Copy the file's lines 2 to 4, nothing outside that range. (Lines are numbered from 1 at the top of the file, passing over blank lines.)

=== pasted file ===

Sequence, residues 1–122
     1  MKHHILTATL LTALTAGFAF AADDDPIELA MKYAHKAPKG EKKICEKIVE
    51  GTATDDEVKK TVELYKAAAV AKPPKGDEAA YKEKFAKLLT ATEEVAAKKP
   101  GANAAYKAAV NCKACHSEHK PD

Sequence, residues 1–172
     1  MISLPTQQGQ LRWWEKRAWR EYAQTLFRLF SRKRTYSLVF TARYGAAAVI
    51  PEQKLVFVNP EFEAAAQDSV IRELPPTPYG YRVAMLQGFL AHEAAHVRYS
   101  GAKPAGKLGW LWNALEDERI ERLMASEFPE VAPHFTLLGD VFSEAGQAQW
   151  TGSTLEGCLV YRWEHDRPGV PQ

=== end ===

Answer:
     1  MKHHILTATL LTALTAGFAF AADDDPIELA MKYAHKAPKG EKKICEKIVE
    51  GTATDDEVKK TVELYKAAAV AKPPKGDEAA YKEKFAKLLT ATEEVAAKKP
   101  GANAAYKAAV NCKACHSEHK PD